Lamium maculatum – Spotted Dead Nettle is a great little groundcover plant in our forest garden. This time of year the inflorescence extends to around 30 cm high and produces these lovely nectar-rich flowers.  In the wild we can find the plant growing on the forest floor so grows well in dappled shade and will spread around an area quite slowly. It does hold its ground very well prohibiting grasses and other common volunteers from establishing among it. We have planted under Rubus idaeus cv. – Raspberry and a Morus alba – White Mulberry  pollard

Rubus fruticosus x ideaus – Tayberry fruits developing. A cross between a Blackberry and a Raspberry and named after the River Tay in Scotland, where it was first bred by the Scottish Crop Research Institute. It is an incredible blend – the fruit is the size of a big raspberry with the sweetness and juiciness of a blackberry, but helpfully does not spread as profusely as the blackberry. Tayberries produce consistently higher yields than Loganberries and the fruit is large – sometimes up to 5 cm in length.  The fruit is at its best when it has matured to a purple-red colour and can be eaten straight from the plant but also lends itself well to being cooked, frozen, and for making jam.

This Rubus fruticosus cv. – Blackberry‘ Thornfree’ is really starting to find its place in the forest garden. It took a few years for the plants to establish but now they are growing really well under various trees and have delicious fruits in late Summer. This particular plant is growing under a  Ficus carica cv. – Fig that we keep pruned to 2 m high and the fig sits under a 20-year-old Juglans regia – Persian Walnut in the forest garden.

Here’s a short video of this polyculture
We’ve still not planted out our basil seedlings but will start to get them out in between the tomatoes, squash and beans in the next few weeks. Just a few cold nights can really check the growth of these plants so I prefer to leave them in pots until the first week of June.


Paul Alfrey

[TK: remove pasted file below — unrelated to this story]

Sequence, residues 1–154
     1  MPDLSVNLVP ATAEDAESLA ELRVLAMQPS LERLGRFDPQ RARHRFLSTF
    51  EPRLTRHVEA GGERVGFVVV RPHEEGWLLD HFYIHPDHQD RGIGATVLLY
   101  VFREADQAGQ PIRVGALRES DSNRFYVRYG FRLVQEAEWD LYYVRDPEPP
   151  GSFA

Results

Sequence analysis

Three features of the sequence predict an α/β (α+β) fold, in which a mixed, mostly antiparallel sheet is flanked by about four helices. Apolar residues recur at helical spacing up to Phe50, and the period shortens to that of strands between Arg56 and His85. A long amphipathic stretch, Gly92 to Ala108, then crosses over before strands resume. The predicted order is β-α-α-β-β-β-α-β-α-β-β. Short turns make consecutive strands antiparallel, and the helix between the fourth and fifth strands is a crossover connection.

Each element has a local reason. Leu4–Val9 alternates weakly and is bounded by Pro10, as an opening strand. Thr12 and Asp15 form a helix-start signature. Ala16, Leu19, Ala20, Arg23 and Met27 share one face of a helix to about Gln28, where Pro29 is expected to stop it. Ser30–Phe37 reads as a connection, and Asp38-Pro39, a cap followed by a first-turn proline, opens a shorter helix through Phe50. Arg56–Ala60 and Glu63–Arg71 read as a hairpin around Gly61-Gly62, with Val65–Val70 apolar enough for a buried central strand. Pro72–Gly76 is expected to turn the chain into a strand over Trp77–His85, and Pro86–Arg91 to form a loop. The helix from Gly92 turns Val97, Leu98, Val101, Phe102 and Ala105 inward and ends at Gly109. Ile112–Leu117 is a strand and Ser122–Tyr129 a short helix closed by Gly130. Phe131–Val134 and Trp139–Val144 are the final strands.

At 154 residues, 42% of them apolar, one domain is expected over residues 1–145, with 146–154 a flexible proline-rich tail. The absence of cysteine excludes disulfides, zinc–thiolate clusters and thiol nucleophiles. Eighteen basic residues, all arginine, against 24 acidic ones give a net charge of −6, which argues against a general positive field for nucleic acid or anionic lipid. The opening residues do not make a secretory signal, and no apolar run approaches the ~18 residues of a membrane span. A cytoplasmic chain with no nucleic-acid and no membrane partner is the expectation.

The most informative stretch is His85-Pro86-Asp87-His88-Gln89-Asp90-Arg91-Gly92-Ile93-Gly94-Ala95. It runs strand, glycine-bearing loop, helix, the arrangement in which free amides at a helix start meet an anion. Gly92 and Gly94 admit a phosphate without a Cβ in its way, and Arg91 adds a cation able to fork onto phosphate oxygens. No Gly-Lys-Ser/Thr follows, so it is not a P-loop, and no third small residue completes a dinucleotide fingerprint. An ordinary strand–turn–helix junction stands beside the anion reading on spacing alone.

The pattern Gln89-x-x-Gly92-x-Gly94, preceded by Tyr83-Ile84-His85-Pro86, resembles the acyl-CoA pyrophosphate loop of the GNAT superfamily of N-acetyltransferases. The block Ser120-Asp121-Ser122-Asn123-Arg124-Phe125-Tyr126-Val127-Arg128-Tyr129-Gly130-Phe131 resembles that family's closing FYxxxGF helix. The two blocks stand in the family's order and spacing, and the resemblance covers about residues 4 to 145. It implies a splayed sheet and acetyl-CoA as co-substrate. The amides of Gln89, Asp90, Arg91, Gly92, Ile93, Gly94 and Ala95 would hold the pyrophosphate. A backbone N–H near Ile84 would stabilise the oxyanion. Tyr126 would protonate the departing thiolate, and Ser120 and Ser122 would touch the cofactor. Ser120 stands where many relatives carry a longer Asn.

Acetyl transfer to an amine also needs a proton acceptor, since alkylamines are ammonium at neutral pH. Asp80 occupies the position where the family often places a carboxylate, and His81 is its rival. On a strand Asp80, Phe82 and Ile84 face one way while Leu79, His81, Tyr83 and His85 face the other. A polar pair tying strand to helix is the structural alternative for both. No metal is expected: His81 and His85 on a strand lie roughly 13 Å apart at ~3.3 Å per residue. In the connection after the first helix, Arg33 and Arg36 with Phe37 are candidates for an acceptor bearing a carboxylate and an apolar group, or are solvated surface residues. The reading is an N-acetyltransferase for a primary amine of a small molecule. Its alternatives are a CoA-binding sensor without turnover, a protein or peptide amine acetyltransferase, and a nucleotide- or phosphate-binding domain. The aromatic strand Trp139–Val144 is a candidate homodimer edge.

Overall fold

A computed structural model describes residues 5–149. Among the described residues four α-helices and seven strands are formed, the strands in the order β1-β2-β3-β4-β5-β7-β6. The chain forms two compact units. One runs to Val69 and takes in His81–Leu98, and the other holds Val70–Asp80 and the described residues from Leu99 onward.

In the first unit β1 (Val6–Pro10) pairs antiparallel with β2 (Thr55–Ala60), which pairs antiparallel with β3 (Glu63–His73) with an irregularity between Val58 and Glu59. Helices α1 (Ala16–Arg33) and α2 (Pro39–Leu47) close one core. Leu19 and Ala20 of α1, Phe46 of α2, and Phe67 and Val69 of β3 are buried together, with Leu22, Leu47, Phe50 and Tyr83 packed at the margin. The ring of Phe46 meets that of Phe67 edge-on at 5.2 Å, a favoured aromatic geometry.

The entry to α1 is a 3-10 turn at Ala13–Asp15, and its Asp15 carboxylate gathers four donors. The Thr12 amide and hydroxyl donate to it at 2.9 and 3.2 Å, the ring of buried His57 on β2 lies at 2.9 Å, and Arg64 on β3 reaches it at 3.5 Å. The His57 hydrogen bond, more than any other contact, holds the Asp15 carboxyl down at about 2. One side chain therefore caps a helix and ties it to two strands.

Hi I'm Paul, Originally from the UK I moved over to Bulgaria with my family 12 years ago and set up the Balkan Ecology Project. Prior to that, I worked as a freelance Arborist in the UK for 15 years. Balkan Ecology Project is a family project run by myself, Sophie and our two boys Dylan and Archie, and supported by the amazing volunteers we have hosted here over the years. We aim to develop and promote practices that provide nutritious affordable food while enhancing biodiversity and work to achieve this by: - Researching, designing and implementing systems on the ground - Providing working examples of our designs at our sites open for the public to visit - Providing quality education and training to aspiring growers and landscapers - Providing consultancy and design for landowners and farmers across Europe - Practicing an open source policy, whereby we disseminate our results freely and share all aspects of our work - Growing, selling and promoting the use of plants and plant communities that have high ecological and nutritional value Our activities currently include: Biological Plant Nursery, Educational Courses, Local Land Stewardship, Polyculture Research, Market Gardening​, and Consultancy and Design.

One Comment

  1. As the originator of the term POLYCULTURE( Google it) I would like to see less single plant profiles and more focus on structural and functional interactions and their change over time. That’s what it’s all about ,if you use the term…